The balance sheet of a small business provides insight into its financial statement and overall value. A company’s financial records, including assets, liabilities, and owner’s equity, will help the owner keep track of the company’s finances.
As crucial accounting tools for small businesses, balance sheets show a company’s financial balances and may indicate potential growth or decline. Let’s first learn how to make a small business balance sheet.
Steps to Creating a Balance Sheet
If you know how to prepare a balance sheet, you can spot potential errors before they damage your business irreversibly. Making a small business balance sheet is easy if you follow these steps.
Specify the Reporting Period
A balance sheet shows how much money enters and leaves a business on a given day. Reporting dates are typically the last day of the reporting period.
Reports are usually issued by most firms quarterly. It is typically the last day of the fourth quarter that the reporting date is set. The first thing you need to do is create two columns on your paper.
Identify Your Assets
Assets are the resources you use to run your business and must be classified into two categories. Your small business’s assets will be easier to understand if you separate them into discrete line items.
You need to list assets on your balance sheet in two categories: fixed assets and movable assets:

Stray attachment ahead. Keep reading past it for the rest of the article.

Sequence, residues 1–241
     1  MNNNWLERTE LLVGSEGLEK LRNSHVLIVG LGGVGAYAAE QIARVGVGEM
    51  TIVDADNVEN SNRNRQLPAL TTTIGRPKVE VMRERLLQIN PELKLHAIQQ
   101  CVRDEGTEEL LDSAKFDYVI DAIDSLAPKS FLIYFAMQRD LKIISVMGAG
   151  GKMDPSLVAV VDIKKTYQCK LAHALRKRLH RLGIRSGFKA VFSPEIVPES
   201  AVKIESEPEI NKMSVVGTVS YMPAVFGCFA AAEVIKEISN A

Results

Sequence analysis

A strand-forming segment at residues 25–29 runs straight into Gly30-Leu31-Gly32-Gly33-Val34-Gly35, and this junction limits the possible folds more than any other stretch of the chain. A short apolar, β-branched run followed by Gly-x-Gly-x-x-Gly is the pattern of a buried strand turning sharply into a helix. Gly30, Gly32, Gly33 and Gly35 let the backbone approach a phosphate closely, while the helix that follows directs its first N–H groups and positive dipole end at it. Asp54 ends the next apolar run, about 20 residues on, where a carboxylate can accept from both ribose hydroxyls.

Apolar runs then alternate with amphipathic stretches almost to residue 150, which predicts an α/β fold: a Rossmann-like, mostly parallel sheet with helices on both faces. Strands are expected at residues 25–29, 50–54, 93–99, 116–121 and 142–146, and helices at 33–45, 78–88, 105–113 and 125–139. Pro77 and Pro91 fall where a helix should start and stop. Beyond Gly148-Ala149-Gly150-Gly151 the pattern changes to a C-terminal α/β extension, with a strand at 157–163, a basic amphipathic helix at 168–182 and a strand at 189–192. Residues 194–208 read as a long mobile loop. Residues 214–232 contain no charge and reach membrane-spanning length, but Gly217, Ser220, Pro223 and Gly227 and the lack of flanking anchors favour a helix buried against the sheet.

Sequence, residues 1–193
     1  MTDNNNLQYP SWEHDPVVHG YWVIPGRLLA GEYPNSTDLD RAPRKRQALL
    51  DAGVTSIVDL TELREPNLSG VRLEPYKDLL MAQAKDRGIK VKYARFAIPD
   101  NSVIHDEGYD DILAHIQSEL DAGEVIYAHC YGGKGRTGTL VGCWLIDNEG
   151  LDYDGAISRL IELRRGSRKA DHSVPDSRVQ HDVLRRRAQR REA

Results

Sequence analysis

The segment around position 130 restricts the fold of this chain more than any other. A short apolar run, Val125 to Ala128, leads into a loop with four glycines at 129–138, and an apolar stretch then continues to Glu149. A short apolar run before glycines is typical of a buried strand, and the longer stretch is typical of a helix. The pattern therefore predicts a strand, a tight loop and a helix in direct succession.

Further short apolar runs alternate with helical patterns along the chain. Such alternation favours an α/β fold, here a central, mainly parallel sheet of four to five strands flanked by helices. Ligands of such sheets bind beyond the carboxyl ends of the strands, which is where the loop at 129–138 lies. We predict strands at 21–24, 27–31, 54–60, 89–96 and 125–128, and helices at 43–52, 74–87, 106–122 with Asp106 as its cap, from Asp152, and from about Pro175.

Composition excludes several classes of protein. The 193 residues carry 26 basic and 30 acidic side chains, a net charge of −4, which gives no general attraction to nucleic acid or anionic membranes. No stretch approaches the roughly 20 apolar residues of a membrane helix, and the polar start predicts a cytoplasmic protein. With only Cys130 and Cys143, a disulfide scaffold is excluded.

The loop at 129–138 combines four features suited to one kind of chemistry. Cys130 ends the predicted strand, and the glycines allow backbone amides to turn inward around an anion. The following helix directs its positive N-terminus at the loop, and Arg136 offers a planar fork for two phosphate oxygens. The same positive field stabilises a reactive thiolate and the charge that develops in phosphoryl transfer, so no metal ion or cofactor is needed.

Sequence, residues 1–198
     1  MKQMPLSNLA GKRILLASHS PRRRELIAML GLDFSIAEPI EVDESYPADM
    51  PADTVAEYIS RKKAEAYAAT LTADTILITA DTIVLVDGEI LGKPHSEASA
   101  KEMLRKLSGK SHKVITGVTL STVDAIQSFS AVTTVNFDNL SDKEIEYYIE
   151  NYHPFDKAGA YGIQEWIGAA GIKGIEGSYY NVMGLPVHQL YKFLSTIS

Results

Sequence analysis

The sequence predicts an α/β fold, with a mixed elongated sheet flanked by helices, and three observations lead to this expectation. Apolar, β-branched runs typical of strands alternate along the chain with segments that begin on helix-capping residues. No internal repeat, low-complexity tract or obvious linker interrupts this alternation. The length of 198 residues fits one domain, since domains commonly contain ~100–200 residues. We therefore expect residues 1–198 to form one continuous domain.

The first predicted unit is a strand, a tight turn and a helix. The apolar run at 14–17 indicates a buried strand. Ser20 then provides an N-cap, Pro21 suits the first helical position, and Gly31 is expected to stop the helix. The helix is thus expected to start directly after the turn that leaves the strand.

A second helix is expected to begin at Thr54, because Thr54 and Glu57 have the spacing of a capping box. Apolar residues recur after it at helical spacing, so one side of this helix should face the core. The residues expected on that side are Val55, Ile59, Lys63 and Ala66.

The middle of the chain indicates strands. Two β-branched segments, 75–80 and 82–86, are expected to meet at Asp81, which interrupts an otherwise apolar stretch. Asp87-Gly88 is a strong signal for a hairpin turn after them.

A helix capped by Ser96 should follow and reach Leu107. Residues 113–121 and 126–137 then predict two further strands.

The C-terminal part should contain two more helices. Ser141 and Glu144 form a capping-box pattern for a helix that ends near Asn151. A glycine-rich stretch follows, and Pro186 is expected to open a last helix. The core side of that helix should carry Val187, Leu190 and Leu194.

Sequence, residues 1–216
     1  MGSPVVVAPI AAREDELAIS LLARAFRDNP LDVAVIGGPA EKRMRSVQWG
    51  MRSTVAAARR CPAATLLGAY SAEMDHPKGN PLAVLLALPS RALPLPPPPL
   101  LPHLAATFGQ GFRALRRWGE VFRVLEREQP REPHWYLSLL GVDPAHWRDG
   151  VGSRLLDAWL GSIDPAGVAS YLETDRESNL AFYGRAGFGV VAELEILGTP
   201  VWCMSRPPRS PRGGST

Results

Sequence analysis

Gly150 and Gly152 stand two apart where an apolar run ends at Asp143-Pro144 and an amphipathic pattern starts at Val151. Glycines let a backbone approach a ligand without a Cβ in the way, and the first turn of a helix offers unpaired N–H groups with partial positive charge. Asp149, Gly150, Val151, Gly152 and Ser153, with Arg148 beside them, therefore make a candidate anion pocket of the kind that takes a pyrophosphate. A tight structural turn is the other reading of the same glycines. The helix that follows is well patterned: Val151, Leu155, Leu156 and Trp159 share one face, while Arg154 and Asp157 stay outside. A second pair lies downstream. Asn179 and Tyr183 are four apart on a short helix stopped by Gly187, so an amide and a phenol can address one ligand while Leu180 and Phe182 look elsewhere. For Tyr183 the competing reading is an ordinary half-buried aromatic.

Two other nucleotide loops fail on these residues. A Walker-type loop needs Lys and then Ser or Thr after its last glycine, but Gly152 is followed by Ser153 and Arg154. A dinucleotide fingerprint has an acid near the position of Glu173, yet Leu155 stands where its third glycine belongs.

- Current Assets
- Examples: Cash and cash equivalents, inventories, receivables, etc.
- Non-current Assets
- Examples: Land, buildings, machinery, etc.
Determine Your Liabilities
On the balance sheet, list the amounts owed by your business under the liabilities section. Liabilities must be identified in the same way as assets. According to their classification, they fall into the following categories:
- Current Liabilities
- Examples: accounts payable, income taxes payable, Bills payable, interest payable, etc.
- Non-Current Liabilities
- Examples: long-term notes payable, Bonds payable, capital leases payable, mortgages payable, etc.
Determine Shareholders’ Equity
Shareholder equity refers to the capital raised by selling the firm’s shares. Small firms typically hold their shares privately, which makes it easy to calculate shareholder equity. Large corporations, however, have publicly traded shares, making the calculation more difficult.
The balance sheet includes the following items:
- Retained earnings
- Treasury stock
- Preferred stock
- Common stock
Add Total Shareholder Equity and Total Liability to Compare to Assets
It would be best to compare the total assets to the total liabilities plus equity to ensure the balance sheet is balanced. The formula is Total Liabilities + Total Shareholder’s Equity = Total Assets.
Due to the nature of the issue, both sides of the balance sheet are likely not balanced at once; therefore, identifying and rectifying the issue will take time.
How Can EasyBooks Help to create your Balance Sheet?
Small businesses can use Easy Book to manage their finances. Making small businesses look effortless takes on a difficult task. Business owners and sole proprietors can both benefit from the app.
In EasyBook, you can generate profit and loss statements and balance sheets to keep track of your finances. Easy Book can help you reduce paperwork. A highly simplified report is produced online, eliminating confusion.
The app allows you to do so and keeps track of and monitors your best customers to ensure that you provide them with high levels of value.
You must prepare a perfect balance sheet for your small business to ensure smooth cash flow. The downside of doing it by hand is that it can lead to human errors, so you should use an app to help you do it.
Please start with the EasyBooks free trial to see how easy it is to build a balance sheet.